Todd Akin speaks during a rally outside the Missouri Capitol in Jefferson City, Mo., September 21, 2012. (Sarah Conard/Reuters)

Former Representative Todd Akin, a staunch pro-lifer from Missouri, passed away on Sunday at 74-years-old after a years-long battle with cancer.

Akin died at his home and is survived by his son Perry Akin, who first confirmed the development to the Associated Press.

“As my father’s death approached, we had people from all different walks of life share story after story of the personal impact he had on them,” Akin told the AP in a statement.

“He was a devout Christian, a great father, and a friend to many. We cherish many fond memories from him driving the tractor at our annual hayride, to his riveting delivery of the freedom story at 4th of July parties dressed in the full uniform of a colonial minuteman. The family is thankful for his legacy: a man with a servant’s heart who stood for truth,” he said.

For over a decade, Akin senior served in the House of Representatives as the congressman for Missouri’s second congressional district. In May 2011, he launched a bid to unseat Democratic Senator Claire McCaskill. During that campaign, he drew the ire and outrage of members of both parties, including former Republican presidential nominee Mitt Romney, for a comment he made dismissing the gravity of rape.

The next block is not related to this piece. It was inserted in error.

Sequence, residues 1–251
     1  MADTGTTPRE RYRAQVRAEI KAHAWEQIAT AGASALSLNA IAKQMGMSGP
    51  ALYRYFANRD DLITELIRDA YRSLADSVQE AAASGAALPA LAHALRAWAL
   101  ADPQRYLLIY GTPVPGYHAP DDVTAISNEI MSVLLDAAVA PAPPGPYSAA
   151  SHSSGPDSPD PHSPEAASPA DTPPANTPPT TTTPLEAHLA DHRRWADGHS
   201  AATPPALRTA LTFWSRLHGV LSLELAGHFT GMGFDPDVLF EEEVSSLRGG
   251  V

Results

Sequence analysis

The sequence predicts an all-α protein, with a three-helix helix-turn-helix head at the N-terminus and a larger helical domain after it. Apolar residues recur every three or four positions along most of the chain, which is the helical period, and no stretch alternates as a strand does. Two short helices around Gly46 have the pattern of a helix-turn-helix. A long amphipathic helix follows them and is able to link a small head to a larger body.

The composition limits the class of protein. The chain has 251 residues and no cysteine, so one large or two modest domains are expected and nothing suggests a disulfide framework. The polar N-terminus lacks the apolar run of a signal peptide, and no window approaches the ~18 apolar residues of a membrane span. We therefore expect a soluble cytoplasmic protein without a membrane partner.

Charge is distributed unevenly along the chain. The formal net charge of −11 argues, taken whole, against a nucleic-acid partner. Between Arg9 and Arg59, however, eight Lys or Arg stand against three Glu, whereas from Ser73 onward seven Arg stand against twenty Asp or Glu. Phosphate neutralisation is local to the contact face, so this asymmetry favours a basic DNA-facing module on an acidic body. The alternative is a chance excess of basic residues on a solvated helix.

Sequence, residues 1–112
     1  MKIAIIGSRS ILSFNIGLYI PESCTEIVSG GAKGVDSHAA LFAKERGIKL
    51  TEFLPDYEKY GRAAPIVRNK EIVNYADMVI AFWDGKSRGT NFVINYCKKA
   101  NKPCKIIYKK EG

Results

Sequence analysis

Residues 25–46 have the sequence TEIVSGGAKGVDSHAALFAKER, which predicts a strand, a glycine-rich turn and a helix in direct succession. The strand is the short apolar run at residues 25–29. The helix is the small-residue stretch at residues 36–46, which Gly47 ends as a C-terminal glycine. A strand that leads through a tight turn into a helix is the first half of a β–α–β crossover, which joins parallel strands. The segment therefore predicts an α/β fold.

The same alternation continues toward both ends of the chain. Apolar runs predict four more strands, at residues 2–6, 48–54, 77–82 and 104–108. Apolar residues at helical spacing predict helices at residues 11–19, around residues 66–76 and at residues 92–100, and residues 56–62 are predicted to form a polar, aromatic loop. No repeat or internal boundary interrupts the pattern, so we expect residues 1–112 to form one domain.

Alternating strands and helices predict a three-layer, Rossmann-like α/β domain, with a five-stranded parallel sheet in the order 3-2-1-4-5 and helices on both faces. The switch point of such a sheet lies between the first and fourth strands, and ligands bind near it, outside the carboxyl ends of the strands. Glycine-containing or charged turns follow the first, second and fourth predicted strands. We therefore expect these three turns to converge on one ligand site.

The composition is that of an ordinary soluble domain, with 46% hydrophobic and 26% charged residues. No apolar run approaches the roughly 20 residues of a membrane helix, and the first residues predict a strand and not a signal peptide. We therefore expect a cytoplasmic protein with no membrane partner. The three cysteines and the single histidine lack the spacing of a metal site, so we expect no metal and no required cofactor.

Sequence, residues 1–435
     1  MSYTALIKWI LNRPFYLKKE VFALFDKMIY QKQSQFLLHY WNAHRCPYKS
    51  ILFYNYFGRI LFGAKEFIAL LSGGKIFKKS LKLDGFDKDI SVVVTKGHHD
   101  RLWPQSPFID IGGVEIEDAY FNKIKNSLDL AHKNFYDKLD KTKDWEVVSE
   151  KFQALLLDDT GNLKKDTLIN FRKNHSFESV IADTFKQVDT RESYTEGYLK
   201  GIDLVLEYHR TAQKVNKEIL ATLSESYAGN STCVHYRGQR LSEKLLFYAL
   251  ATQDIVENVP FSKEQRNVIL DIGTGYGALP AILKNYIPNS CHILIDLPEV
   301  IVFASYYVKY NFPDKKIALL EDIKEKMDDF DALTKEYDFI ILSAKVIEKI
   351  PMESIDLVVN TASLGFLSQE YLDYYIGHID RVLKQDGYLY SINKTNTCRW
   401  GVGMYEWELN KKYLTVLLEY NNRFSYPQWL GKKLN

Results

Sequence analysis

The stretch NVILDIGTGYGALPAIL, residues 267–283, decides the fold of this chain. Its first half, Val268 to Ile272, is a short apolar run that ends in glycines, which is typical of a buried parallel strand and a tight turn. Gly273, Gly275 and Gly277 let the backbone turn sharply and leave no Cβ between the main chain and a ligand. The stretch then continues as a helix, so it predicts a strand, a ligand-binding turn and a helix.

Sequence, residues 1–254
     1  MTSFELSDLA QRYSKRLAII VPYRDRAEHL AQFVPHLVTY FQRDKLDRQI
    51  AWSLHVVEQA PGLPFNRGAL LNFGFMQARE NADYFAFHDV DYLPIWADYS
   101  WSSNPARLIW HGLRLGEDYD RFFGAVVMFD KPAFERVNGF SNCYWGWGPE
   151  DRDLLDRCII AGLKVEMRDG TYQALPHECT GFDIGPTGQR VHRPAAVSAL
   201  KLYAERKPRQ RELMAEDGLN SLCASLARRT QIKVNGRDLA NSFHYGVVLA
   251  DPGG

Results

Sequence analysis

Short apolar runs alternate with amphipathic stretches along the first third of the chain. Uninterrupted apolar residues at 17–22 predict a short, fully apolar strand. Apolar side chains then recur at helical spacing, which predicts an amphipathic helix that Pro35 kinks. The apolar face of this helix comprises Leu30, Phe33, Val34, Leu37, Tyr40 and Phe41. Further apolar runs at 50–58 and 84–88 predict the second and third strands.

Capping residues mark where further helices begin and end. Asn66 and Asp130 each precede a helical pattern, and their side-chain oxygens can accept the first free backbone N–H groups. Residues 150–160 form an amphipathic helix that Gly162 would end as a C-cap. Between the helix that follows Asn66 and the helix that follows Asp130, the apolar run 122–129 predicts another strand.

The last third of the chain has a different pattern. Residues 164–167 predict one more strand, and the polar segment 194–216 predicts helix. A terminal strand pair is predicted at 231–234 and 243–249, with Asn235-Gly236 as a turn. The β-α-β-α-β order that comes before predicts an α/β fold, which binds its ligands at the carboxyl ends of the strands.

When asked by a St. Louis television station if he believed abortion exceptions should be allowed for women who are raped, Akin replied, “If it’s a legitimate rape, the female body has ways to try to shut that whole thing down.”

While Akin apologized the next day, he was quickly urged to withdraw from the race, but he did not heed the demands. He lost to McCaskill by nearly 15 percentage points before retiring to civilian life.

In a tweet Monday, his former opponent offered parting words that honored the congressman’s commitment to his principles despite their ideological conflicts.

“I just learned that Todd Akin has died. He was a nice man, and although we had major disagreements about just about everything, he was authentic to his beliefs. He actually believed in everything he said, which is a tribute to his character. My thoughts are with his lovely family,” McCaskill said.

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